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Lots of reaction to Michael Sansolo’s piece about Tesco’s US Fresh & Easy stores, as well as to the ongoing coverage of the format on MNB.

One MNB user wrote:

While in Las Vegas I made a point to stop at two of Tesco's stores that were fairly close together. I visited both in the 8:00 PM hour.

I was in the first store for 20 minutes and did only saw one other customer during that time. The produce looked okay, some trial size looking bags of croutons selling for 1.05 each was outrageous. The prepared foods were interesting looking. I asked the store if they had a microwave I could use to heat something and was told they did not. The meat looked really poor, with a number of beef packages not the right color and a lot of real thinly cut meat. Most of the items that were perishable in this store had a sell by of the day I visited or the day after with a select few items having a sell by of two days out.

The next store I visited had a few other shoppers inside and had five employees on duty.

The prepared foods remind me of the home meal replacement certain grocers, such as Albertsons, were promoting in the late 1990's (Quick Fixin Ideas). The rest of the store reminded me of a Save-a-Lot with even less selection.

This format needs a serious re-evaluation. The competition in Las Vegas is not sleeping, either. I visited a Smiths at Rampart and Lake Mead that had installed a couple of 12 or so foot island style cases full of refrigerated prepared foods, ready to eat sandwiches, and other items. They had much more selection of ready to eat and heat to eat than Fresh and Easy was offering. They even had tables to sit in the store and eat at. They also had an in-store chef counter with prepared meals that were prepared right in the store, in addition to the standard hot food and the like. This store also had a Kosher deli, bakery, and hot food area.

Would I go back to Fresh and Easy? Not likely. They have nothing to offer.

Another MNB user wrote:

I loved your Fresh and Easy article. I am so glad that you were able to see the premise behind the company. Another thing I wanted to point out about their prepackaged meals is that they also put all of the nutritional information on the packaging including calories, fat and carbohydrates. Most fresh packaged meals don't come with that and if you are trying to watch all those numbers while you are cooking yourself it can be very stressful. I did hear one person say that it was very important to them to buy those individually fresh packaged meals because they know exactly what's in it and it's portion sized. What a great way to cater to lazy or busy Americans by creating something quick, easy, healthy and in proper serving sizes.

Still another MNB user wrote:

Fresh and Easy can be considered a bit of sleeper to say the least.... Yet their prices are pretty good....will win the consumer share ...over time....Particularly like your insight about 2.0 and 3.0 and agree with you 100%...Don't think we have seen the entire picture just yet...still tweaking....they've built a few amazing WH and commissary facilities in CA...spectacular really....bigger plans in mind....

You are right, their stores can be considered a bit bland, agreed, yet so is Walgreens, and there lies the plan....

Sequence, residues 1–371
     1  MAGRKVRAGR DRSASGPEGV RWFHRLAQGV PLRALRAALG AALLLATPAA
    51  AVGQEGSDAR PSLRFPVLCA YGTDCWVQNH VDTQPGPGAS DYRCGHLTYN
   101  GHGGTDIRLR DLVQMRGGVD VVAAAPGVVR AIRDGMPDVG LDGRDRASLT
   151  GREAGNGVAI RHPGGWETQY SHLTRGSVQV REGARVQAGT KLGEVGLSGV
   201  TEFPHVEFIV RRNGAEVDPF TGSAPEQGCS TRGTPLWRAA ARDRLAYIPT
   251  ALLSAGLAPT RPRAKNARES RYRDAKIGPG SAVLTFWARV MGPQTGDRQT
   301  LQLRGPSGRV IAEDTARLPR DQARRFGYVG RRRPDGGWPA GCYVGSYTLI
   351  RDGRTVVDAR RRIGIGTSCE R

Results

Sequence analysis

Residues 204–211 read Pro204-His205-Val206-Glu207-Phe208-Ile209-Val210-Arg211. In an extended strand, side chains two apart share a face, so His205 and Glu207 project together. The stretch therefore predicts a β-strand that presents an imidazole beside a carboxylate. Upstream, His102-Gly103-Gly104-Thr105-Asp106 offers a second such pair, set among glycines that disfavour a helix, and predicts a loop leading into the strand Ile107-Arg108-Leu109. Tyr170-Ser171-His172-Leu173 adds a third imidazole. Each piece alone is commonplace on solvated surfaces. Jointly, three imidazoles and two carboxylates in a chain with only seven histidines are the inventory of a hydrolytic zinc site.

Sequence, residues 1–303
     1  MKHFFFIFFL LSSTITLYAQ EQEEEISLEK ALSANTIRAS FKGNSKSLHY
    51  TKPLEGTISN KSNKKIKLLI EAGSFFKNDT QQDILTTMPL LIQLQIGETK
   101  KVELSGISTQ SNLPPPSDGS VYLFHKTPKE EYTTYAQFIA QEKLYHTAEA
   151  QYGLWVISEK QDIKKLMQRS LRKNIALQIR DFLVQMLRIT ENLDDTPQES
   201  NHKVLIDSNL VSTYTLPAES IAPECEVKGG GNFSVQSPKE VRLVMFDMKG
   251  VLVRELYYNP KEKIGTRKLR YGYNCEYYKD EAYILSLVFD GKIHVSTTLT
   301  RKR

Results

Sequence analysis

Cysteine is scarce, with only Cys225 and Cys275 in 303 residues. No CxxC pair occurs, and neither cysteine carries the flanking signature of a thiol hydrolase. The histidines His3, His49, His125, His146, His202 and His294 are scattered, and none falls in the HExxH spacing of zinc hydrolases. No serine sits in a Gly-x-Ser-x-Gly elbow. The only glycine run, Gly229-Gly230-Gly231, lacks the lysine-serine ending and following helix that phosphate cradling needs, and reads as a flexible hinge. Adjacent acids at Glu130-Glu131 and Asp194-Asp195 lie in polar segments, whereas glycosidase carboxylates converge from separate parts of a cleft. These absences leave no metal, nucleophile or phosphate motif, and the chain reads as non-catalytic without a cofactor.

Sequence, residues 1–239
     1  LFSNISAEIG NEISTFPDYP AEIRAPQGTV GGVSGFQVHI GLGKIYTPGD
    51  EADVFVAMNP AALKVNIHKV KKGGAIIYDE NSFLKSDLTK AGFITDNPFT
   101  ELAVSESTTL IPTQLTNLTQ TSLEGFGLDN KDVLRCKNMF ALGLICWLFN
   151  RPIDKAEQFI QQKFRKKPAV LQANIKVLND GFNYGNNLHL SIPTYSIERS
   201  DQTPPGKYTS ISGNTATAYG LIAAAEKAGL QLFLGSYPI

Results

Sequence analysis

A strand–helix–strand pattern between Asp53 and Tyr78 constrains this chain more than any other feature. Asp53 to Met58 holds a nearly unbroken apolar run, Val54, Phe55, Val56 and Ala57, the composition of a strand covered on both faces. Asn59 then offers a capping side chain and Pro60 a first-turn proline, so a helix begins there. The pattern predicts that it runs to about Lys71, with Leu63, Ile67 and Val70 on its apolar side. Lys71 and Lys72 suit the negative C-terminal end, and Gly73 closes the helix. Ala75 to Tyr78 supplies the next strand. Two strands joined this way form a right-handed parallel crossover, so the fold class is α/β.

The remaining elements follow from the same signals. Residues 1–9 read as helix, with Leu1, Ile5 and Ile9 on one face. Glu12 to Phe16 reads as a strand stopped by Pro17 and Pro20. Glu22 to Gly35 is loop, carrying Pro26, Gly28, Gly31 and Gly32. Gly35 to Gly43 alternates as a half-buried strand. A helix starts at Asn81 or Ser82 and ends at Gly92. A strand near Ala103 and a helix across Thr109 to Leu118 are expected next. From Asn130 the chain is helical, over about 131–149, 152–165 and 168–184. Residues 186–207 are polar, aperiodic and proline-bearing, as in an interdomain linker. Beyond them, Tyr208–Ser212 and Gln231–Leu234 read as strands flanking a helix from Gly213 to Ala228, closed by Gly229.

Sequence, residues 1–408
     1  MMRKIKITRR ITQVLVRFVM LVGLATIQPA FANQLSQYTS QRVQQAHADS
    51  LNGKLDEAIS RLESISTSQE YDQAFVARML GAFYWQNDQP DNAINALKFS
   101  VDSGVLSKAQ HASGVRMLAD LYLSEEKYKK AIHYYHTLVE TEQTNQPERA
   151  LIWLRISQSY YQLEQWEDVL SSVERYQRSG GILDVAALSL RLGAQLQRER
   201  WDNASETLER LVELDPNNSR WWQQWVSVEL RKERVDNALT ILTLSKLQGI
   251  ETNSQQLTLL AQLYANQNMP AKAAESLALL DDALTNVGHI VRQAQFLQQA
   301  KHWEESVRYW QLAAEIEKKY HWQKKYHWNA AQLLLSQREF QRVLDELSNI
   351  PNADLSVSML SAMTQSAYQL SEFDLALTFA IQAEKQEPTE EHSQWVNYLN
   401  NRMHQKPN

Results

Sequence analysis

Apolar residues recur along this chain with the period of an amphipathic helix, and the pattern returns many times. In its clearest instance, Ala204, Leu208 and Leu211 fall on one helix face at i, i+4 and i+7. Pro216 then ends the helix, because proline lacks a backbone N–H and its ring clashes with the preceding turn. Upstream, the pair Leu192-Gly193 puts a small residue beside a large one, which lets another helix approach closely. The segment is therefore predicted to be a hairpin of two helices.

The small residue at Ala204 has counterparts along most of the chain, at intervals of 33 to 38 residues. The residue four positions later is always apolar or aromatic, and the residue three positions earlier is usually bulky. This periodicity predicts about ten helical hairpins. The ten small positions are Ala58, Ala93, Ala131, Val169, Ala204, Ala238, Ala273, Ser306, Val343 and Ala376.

Fresh and Easy will be on every other street corner in the U.S. and will capture sales with good prices, fresh approach, value added assortment, low key strategy, and neighborhood friendly style....eventually they will catch everyone's a big way....

Oh...forgot to mention their ad's back you can trust statement.....hard to qualify, but powerful none the less....

Exciting times to come.

MNB user Robin Richardson wrote:

I had to fly/drive 2500 miles to get to a FE store, but I was impressed with the convenient/ready to eat and healthy foods. Everything looked appealing (ok, in part it was a long trek).

The ease of getting into/out of a smaller store and the staff who were not overly friendly, but seemed well informed and passionate about their products. I liked the non-warehouse/superstore experience and bought 2 bags worth for the trek home.

On the subject of Wal-Mart’s decision to eliminate almost half the magazine titles that it sells, which we suggested seemed like a good idea since it makes sense only to sell the items that customers actually want. MNB user Tom Rademacher wrote:

I read your newsletter daily and know that you are open to ‘another side to the story’.

Taking the axe to 1,000 titles because they were not selling clearly sounds like the right thing to do, as you concluded.

The problem is in the decision process. If retail stores sold only the top items they would not need 100,000 square feet to do it. Most offer a variety of mustard, for instance, from plain yellow to a variety of browns and spices and from national brands, to imported and regional. Done right the variety is tailored to the market in which is the store is located.

If Wal-Mart has simply eliminated the ‘bottom’ 1,000 then they have done the customer and themselves a disservice. The top selling titles in many of their markets may be buried in this shotgun approach. It is common in the wholesale magazine distribution industry to have a master list of titles from which to choose what is appropriate for each store and the market it serves.

If I start to add more to this ‘opinion’ it would probably approach pamphlet size. Stopping at this point I hope at least illustrates the concern, and yes, I work in the wholesale magazine distribution business.

KC's View: